Blooming Garden Designs

Specializing in Natural and Sustainable Landscapes


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What type of gardener are you?

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Rose plants are considered high maintenance plants because they need regular dead-heading to stay looking good throughout the season.

Don’t plant another plant until you read this…

Every landscape garden needs maintenance to keep plants looking healthy and the landscaping looking its best.

When designing or planning landscapes consider your time and ability to maintain the garden, make sure your plans and your plant selection match your maintenance type.

Which type are you?  Do you like:

  • High maintenance gardening – You are a highly dedicated gardener and/ or  plantaholic.  You love to work in the yard as much as possible; or,
  • Low maintenance gardening – You enjoy being outdoors and doing a bit of puttering, but don’t want to make a day of it; or,
  • No maintenance gardening – You hire professionals, want it to look great, but prefer not to do it yourself; .

Hiring a landscape consultant  can help you match your garden preferences with  plant selection.  Contact Blooming Garden Designs by Cindy for a free consultation.

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Ice Cream and Honey Bees

Ice Cream and Honey Bee??

I had heard of the mystery surrounding the disappearance of the honey bees, but I really wasn’t concerned till I learned…

1. Honeybees are responsible for 80 percent of the pollination for many fruits and vegetables, including apples, berries, cantaloupes, cucumbers and almonds.  I’m a big fan of fresh fruits especially berries and cantaloupe!!  (stat  cames from: U.S. Department of Agriculture)

2. Haagen Dazs Ice Cream is concerned. Check out this initiative.  Just think how bland ice cream would be without the bees!!

3. The loss of habitat for the bees may be causing the Colony Collapse Disorder (CCD). Check out Vanishing of the Bees documentary.

So what can we do?

1. Financially support research programs

2. Plant a Bee friendly garden.

3. Learn Beekeeping 101, online 10 module course offered by Penn State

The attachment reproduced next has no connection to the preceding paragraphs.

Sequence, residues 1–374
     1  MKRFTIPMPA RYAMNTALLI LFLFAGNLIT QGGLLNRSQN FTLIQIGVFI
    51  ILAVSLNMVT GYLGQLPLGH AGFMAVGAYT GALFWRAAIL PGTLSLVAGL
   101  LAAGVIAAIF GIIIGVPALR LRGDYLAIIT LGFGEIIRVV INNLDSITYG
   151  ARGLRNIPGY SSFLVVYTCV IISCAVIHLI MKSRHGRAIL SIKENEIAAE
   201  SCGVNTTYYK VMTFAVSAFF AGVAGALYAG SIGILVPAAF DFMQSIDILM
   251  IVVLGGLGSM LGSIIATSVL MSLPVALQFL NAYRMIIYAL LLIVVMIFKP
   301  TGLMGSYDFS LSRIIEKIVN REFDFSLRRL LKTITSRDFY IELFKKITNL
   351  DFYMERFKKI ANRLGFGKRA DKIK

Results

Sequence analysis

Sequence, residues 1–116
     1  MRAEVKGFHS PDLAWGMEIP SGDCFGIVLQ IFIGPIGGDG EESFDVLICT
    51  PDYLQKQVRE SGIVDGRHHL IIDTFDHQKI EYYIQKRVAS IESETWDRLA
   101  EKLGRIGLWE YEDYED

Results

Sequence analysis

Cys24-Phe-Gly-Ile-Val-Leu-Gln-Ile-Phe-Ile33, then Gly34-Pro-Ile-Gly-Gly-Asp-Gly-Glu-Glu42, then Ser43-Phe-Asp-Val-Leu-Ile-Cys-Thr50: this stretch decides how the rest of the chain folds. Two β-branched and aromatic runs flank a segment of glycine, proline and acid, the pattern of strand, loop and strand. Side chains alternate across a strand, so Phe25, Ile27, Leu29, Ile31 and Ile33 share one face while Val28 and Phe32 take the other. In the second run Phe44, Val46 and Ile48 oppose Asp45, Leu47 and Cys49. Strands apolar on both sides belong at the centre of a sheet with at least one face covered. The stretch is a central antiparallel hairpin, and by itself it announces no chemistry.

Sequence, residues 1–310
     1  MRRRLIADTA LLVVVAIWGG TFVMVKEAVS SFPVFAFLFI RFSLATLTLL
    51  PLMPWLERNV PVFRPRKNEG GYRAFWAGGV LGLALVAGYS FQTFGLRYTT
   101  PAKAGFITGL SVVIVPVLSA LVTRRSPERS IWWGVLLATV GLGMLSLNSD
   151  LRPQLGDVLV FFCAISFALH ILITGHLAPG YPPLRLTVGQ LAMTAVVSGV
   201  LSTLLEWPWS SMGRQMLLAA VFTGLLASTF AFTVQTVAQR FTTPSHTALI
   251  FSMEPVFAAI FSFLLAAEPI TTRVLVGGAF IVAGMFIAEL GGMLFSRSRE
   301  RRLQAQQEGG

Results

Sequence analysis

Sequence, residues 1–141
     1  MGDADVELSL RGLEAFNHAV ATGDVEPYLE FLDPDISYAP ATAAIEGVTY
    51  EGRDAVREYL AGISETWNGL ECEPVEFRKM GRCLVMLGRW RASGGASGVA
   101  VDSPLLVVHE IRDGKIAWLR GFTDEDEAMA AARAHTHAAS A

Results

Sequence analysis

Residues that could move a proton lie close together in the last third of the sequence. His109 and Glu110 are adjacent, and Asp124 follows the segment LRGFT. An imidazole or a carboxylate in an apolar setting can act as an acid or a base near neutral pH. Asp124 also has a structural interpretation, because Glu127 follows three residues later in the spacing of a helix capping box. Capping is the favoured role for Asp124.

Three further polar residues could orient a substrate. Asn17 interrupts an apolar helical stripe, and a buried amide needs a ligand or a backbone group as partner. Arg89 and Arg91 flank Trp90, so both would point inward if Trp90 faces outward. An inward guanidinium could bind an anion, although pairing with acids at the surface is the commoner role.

4. Watch and discuss ways to help the bees. Start with these two Bee documentaries: Vanishing of the Bees or   Silence of the Bees

Let’s Save Fruit for our Ice Cream Now!!!!


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Summer Saturday Fun

I love  Saturdays!!!

My husband and I start the day at the  Bloomington Farmer’s Market.   It’s just not summer without the sights, sounds, smells and people of this Central Illinois tradition.  We like to support local farmers and eat food grown locally and /or organically.

July  Saturday’s has been filled with local events including :

Sugar Creek Art Festival and the Grand Opening transportation Center.

This week we are heading to Sugar Grove Nature Center for music and blacksmith demonstration.

Blacksmith Demonstration
Saturday, July 21; 10:00 a.m.-noon
On the third Saturday of every month, the public is invited to observe members of the Illinois Valley Blacksmith’s Association as they work at the forge, across the parking lot from the Nature Center.  Watch them bend and twist metal into art!
Free; no registration required.

Acoustic Irish Music Jam Session
Saturday, July 21; 10:00 a.m.-noon
Acoustic musicians of all levels are invited to join an Irish-music jam session at the Nature Center on the third Saturday of each month. Experienced players will be on hand to lead beginners through a couple of tunes at a slow pace to start, then will progress to an up-to-speed session of traditional Irish tunes.  Listeners (and players) are welcome to come-and-go as they enjoy all of the other activities at Sugar Grove Nature Center.  For more details, contact Martha Tyner at mtyner@iwu.edu.
Free; no registration required.

SATURDAY EVENING, we have two great options

1. Back to Sugar Grow for

Twin City Amateur Astronomers Public Viewing Session: Asteroids, Meteors, and Meteorites
Saturday, July 21; 8:30-10:30 p.m.

Presentation will be followed by a sky tour using a night sky laser pointer and telescope viewing.  The program may be cancelled in the event of a cloudy sky.  Phone Carl at 309.830.4085 or Lee at 309.824.2804 to confirm if you are unsure.  For additional information, visit www.tcaa.us.
Free; no registration required.

2. Attend the  Ain’t Nothing but the Blues Festival

Can’t wait for the weekend!  What are your plans?


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Save the Plants or Save the Water?

Since I love  plants and I want to conserve water, I am faced with this dilemma every year. So how do I decide what to save and what to let go to mother nature?

1st Priority

Newly planted trees, shrubs, perennials and lawns need adequate water,  about 1 inch every week — until they are established, usually two or three years.

2nd Priority

  • Vegetables and other food crops
  • Annual floral displays and containers.

Foods crops and annual floral displays can be watered every week to 10 days in normal weather patterns.  Container need daily or 2x a day watering.

3rd Priority

  • Established lawns can go six weeks or more without water. Lawns go dormant and will revive with rainfall or watering.
  • Many perennials will survive a few weeks without water.
  • Well-established shrubs and trees can go a couple of months.

Do you want to learn more about plant survival?  Surviving the drought: How plants survive the drought